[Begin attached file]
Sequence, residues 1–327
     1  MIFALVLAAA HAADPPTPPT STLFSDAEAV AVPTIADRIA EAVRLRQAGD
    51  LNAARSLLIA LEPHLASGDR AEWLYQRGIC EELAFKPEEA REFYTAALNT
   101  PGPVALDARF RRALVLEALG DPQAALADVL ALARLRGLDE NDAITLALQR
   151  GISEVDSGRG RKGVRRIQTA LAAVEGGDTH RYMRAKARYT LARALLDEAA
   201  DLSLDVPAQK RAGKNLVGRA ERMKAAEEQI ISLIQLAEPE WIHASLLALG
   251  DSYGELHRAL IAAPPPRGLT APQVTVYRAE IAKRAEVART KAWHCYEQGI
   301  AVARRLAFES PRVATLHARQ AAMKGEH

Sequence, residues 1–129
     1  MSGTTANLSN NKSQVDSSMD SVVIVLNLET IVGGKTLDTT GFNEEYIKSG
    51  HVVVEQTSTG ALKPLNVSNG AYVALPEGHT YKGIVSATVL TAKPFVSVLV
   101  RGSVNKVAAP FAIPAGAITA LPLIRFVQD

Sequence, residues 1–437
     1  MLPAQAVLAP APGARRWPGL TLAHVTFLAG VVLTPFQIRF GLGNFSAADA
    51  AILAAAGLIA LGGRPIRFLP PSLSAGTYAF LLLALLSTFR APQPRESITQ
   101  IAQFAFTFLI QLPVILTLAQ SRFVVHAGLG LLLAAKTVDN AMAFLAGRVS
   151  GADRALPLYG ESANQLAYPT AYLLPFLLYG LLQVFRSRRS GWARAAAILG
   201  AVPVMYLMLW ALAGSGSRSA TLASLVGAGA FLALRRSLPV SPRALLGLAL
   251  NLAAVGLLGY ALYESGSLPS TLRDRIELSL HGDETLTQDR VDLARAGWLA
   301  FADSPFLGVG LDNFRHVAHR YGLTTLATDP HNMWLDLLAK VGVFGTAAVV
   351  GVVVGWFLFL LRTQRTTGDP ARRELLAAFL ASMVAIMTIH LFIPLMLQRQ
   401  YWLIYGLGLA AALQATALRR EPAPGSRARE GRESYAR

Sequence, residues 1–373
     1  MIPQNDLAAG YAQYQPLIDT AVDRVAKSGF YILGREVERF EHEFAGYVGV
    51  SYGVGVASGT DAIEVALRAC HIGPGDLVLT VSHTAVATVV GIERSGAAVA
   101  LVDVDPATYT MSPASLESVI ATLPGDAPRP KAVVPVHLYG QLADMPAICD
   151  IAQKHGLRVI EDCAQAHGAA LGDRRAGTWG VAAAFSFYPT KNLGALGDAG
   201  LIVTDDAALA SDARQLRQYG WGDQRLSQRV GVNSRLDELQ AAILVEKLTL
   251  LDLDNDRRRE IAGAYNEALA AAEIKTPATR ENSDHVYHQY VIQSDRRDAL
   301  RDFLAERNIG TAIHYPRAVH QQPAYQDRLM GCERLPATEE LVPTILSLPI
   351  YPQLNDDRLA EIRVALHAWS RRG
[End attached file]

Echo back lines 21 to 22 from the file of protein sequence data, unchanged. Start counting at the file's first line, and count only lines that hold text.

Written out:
   351  GVVVGWFLFL LRTQRTTGDP ARRELLAAFL ASMVAIMTIH LFIPLMLQRQ
   401  YWLIYGLGLA AALQATALRR EPAPGSRARE GRESYAR